Business aircraft flight activity in April dipped by 0.4 percent from a year ago, due primarily to a 7.7-percent drop in Part 135 turboprop flying, according to TraqPak data from aviation services company Argus. The fractional and Part 91 markets each saw flight activity increase, by 6.5 percent and 2.5 percent year-over-year, respectively.
Aviation International News » June 2011
Officials at Toulouse Francazal Airport (LFBF) in Toulouse, France expect to see more business aircraft at the field at the end of this month with the opening of a full business aviation terminal. Located in what used to be a command post, it will feature a hall, VIP lounge, bar, restaurant and crew rest facilities. Refueling is expected to be available as well. A former military base, the airport opened to civil traffic in January.
For the first time in the 36-year history of the RAA a sitting DOT Secretary visited the association’s annual convention, as Ray LaHood made the trip to Nashville last month to deliver one of the most upbeat keynote addresses heard by delegates to the spring get-together in several years.
The Center for Environmental Health (CEH) sent a notice of violation to oil companies and fuel supplier Avfuel, as well as to more than two dozen companies at 25 California airports, notifying them that they have been violating the California Safe Drinking Water and Toxic Enforcement Act (Proposition 65).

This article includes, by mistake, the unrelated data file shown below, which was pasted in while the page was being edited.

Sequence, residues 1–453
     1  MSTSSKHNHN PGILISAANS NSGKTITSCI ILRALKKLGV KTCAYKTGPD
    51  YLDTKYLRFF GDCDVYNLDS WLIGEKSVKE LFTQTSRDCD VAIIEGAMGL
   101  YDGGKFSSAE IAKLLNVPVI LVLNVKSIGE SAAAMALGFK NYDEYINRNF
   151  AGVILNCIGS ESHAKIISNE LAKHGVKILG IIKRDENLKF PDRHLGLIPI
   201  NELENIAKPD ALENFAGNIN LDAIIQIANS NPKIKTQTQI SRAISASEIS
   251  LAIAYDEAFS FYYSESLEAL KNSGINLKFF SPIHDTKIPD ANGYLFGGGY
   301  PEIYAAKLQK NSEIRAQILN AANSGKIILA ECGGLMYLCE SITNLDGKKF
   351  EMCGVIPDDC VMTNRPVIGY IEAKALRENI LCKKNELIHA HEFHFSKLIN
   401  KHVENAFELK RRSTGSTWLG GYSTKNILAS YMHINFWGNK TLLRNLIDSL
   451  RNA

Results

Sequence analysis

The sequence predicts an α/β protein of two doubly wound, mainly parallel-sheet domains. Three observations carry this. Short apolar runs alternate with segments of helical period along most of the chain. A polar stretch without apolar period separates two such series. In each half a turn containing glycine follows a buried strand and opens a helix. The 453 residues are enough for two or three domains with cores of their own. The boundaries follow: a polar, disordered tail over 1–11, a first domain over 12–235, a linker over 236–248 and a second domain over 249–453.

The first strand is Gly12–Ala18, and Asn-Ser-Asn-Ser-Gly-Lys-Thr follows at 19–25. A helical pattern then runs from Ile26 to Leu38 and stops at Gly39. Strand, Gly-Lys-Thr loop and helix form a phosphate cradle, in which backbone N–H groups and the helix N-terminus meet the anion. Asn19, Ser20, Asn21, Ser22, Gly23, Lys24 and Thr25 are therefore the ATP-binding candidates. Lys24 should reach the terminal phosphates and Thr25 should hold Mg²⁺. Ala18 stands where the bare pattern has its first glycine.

Aviation is extraordinarily dependent on the performance of people who fly and maintain aircraft. But figuring out whether they are in the right frame of mind to perform safely is extremely difficult. For example, if a pilot complied with the regulations and stopped drinking alcohol before the mandatory time cutoff and has a blood alcohol level below regulatory limits, is that pilot safe to fly?
The Rockwell Collins Pro Line Fusion avionics system is “good to go,” reported chairman, president and CEO Clay Jones during an April 21 earnings call. The FAA issued the final in a series of 50 hardware and software technical standard orders (TSO) for the Pro Line Fusion in April, and Rockwell Collins is now working on a supplemental type certificate (STC) for installation in its Challenger 601 test airplane.
Cessna Aircraft has selected Aircell’s Aviator 300 satcom system as optional equipment for the Citation XLS+, Sovereign and Citation X starting with 2012 models. Aircell is a master distributor for Thrane & Thrane’s SwiftBroadband products, including the Aviator 200, 300 and 350 systems.
Early last month, the EASA granted European Technical Standard Order (ETSO) authorization for Change 7.1 software for ACSS’s TCAS 2000 and TCAS II. FAA certification of Change 7.1 for TCAS 2000 and TCAS II took place in February last year. ACSS, an L-3 and Thales company, expects EASA to mandate installation of Change 7.1 on newly built aircraft by March 2012.
Satcom1 is now providing Aviator 200 services in Europe and claims to be the first to do so. Thrane & Thrane unveiled the Aviator at last year’s EBACE, touting it as the smallest, lightest equipment available for obtaining Inmarsat broadband services on aircraft.